• Traipsin over the Goowhitty

    This is my favorite time of year.  I love the crisp October mornings, even if we’ve not really had one yet.  To walk in behind Apsey Brook, in on the level, boots breaking the ice skim on the puddles, crisp air in your nostrils, its as close to perfect as I can imagine.

    The only downside is the smell of the goowhitty leaves and flowers both alive and dead giving off their distinctive smell.  What is goowhitty you ask? Go Whetty? Gole Weddy? Many pronunciations, but as for what it is, well its….. goowhitty! Everyone knows that!

    Well actually its a combination of plants, or one with many names, or… I’m confused.  In any event its Labrador Tea, Lambskill, and Sheep’s Laurel.  Though one or more of those may be the same thing! One of the plants at least is https://en.wikipedia.org/wiki/Kalmia_angustifolia.

    Whatever it is, I think every rural Newfoundlander knows the smell.  Its not really a bad one, but something we’re all familiar with as we traipse through the woods, to the pond, to the berry barrens, to our heritage.

    If you get a chance, take a walk in the quiet woods soon, smell the goowhitty, play with the ice skim on the puddles, be a kid and pull it up and look through it like glass.  Smell the frost, the salt air, and be at peace.  There’s no feeling like it.

    Raised in outport Newfoundland in a town of 65 people, I pursued a post secondary diploma in Information Technology right out of High School. I’ve always been a geek at heart, but yet I love the rural life I grew up with. Fishing, hunting, camping and the great outdoors are still loves of mine, even if I don’t pursue them as often as I once did. Sports were always a big part of our lives, and I played many (badly) and loved them all.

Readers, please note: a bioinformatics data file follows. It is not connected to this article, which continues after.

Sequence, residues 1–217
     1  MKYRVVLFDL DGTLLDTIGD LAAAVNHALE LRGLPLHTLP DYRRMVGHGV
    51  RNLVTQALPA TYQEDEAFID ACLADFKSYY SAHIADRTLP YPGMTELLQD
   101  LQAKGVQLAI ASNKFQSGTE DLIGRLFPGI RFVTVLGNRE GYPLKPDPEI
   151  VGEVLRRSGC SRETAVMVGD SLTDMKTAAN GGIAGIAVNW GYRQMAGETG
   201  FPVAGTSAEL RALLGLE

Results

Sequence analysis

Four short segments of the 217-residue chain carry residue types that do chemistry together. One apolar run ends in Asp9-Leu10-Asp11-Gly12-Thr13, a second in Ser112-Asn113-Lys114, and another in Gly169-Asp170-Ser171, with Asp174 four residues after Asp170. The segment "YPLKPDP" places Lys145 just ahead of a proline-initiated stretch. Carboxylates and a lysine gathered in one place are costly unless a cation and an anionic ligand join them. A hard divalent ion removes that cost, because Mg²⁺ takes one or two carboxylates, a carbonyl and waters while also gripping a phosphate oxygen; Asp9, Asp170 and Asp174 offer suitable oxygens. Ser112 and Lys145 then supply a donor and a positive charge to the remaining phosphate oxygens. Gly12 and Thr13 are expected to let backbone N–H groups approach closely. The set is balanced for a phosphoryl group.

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    2 thoughts on “Traipsin over the Goowhitty

    • June Janes Hearn says:

      No other sense is as powerful as that of our sense of smell. This brings back so many wonderful memories of going in the woods with my dad to berry pick, go troutin’, setting rabbit snares or just to have a drop of tea with the water boiled up in an old fruit can hung over the fire using rabbit wire. Since I’m too far away to go in the woods, this is the next best thing to being there.
      June

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